It’s that crazy time of year again – the summer season has begun.
Since the Royal Academy’s Foundation in 1768, the Summer Exhibition has been an annual fixture. Historically, the exhibition was an opportunity for Royal Academicians to showcase their work but, today, it is renowned as the show where amateurs stand proudly alongside the gods of the modern-day art world. It is part of the social calendar with all the glossies covering the grand party that marks the opening. It is the show that is hated by the art world (many don’t even bother to visit) but it is packed every day until August. You couldn’t hold this exhibition without the expected criticism. Now, I won’t pretend that I’m not a Summer Exhibition critic but I did enjoy this year’s more than most.
Visitors at The Summer Exhibition. Image via www.guardian.co.uk.
I’d been eagerly anticipating the exhibition since Jeff Koons’ sculpture was installed in the courtyard a few weeks ago. Although quite abstract, the work stems from a line drawing of Piglet in Winnie the Pooh – one of my all-time favourite children’s’ books. Koons explores the joyous playfulness of child-like marks in a colouring book.
Jeff Koons, Colouring Book. Own photograph.
Royal Academicians Christopher Le Brun and Michael Craig-Martin (both of whom have wonderful works on display) have played major roles in this year’s curation. Key to the changes introduced this year is that there is no theme. I applaud their decision to accept the random nature of the exhibition and to go with it.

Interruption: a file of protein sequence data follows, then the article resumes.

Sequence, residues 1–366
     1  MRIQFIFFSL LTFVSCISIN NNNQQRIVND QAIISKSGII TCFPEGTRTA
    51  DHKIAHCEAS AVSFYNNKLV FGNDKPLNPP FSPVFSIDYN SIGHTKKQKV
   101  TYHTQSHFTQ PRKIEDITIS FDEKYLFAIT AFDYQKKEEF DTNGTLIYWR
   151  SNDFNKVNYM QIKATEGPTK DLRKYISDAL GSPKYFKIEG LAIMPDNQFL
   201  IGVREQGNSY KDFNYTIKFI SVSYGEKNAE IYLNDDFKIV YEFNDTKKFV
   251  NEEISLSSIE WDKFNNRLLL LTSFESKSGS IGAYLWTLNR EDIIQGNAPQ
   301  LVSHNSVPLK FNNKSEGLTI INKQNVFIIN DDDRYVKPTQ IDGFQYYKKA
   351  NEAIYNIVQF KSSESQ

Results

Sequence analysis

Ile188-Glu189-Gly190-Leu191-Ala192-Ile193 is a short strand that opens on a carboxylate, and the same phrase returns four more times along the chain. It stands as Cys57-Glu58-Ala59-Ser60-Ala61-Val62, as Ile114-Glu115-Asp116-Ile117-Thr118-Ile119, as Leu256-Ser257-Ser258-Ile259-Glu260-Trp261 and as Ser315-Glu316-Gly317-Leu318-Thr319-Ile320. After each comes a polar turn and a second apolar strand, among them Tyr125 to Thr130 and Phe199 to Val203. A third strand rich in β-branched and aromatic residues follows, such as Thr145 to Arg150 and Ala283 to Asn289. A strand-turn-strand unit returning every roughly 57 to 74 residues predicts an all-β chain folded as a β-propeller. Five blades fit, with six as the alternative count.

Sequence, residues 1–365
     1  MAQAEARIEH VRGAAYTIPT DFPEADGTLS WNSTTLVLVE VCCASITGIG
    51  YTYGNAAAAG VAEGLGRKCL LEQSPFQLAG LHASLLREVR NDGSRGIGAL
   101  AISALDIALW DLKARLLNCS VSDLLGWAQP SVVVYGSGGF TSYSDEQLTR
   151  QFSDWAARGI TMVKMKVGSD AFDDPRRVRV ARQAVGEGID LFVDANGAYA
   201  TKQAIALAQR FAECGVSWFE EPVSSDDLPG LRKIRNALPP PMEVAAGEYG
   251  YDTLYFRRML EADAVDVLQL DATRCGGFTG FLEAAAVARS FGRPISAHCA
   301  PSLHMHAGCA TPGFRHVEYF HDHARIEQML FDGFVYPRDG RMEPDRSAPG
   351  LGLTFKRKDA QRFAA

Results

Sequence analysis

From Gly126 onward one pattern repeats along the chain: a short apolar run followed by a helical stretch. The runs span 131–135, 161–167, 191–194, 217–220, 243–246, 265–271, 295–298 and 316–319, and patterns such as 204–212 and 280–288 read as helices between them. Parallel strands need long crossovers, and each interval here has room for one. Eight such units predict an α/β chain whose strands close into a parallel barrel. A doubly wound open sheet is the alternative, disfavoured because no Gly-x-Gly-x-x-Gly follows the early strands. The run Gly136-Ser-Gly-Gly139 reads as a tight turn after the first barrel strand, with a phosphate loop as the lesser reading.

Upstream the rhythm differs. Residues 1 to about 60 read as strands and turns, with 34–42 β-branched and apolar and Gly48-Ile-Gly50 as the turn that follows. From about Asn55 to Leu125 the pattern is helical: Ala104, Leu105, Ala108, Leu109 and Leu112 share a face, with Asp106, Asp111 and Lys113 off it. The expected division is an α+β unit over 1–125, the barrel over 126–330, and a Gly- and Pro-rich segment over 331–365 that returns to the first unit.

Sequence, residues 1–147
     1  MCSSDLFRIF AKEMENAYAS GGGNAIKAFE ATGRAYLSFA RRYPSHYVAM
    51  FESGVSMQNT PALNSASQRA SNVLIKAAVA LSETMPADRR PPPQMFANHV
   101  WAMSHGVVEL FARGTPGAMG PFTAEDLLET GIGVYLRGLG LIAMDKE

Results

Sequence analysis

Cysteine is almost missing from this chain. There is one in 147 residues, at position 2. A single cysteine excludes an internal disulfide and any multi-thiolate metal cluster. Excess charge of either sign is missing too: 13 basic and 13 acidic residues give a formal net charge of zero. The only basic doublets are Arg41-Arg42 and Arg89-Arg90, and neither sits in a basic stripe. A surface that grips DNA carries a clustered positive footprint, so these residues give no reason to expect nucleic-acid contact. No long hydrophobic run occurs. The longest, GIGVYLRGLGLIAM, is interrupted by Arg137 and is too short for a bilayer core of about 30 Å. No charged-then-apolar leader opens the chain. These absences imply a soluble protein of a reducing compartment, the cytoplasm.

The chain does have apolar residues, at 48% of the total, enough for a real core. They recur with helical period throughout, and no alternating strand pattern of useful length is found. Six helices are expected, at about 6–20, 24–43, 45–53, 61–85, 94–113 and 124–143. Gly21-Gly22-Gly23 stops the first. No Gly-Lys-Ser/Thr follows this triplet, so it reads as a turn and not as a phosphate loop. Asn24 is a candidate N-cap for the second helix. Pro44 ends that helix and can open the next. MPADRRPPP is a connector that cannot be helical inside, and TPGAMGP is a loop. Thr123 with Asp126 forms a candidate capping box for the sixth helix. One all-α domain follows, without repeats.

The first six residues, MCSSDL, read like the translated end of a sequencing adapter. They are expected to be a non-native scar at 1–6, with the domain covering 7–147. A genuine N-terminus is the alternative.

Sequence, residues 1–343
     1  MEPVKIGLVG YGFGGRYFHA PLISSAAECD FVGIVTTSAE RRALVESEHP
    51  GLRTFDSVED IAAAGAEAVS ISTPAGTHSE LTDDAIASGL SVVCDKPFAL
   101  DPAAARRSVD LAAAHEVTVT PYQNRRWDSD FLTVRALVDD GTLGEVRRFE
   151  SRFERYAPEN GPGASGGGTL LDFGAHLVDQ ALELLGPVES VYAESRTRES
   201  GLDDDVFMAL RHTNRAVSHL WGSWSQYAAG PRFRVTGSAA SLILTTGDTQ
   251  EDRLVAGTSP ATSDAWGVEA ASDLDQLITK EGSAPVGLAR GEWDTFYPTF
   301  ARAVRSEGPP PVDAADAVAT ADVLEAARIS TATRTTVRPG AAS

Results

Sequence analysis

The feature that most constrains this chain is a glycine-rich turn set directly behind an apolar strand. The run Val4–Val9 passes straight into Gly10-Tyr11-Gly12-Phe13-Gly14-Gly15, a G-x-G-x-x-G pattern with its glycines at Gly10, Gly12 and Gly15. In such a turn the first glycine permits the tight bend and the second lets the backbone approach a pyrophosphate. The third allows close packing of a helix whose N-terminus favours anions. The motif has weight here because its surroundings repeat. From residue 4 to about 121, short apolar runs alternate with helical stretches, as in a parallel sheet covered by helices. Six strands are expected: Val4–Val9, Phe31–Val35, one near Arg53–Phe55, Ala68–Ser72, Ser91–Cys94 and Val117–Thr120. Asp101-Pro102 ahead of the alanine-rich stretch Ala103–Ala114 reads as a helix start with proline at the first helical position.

Unusually this year, visitors enter the exhibition through the central octagon filled with large-scale photographic works and Martin Creed’s Work No. 998 (familiar from his exhibition at The Fruitmarket Gallery, Edinburgh, last year) where he has stacked chairs one on top of the other. Although the chairs are different from each other they appear the same through the calming influence of rhythm, sequence and harmony.
Martin Creed, Work No. 998. Image via www.guardian.co.uk.
The selling point of the show has been the ‘Salon Hang’ in the RA’s grandest space. Room III is certainly a success but, ironically, what I think works best is that it isn’t quite as crammed as in previous years. The Royal Academy was originally housed at what is now The Courtauld Gallery and an 18th century salon hang was a dense floor-to-ceiling collective of works where the prime positions were ‘on the line’, a moulding placed at eye level. This was excellently re-created in the ambitious exhibition, Art On The Line, in 2002.
Art On The Line, The Courtauld Gallery, 2002, curated by Professor David Solkin. Image www.courtauld.ac.uk.
Although not necessarily as busy as these hangs once were, Le Brun has followed traditional ideals with pieces radiating out from the large-scale works in the centre of each long wall. He wanted visitors to find their own way through the gallery rather than being controlled by curatorial ideas. He succeeds. The strong grey wall colour suits the gravitas of many of the pieces on display.
Room III. Image via www.guardian.co.uk.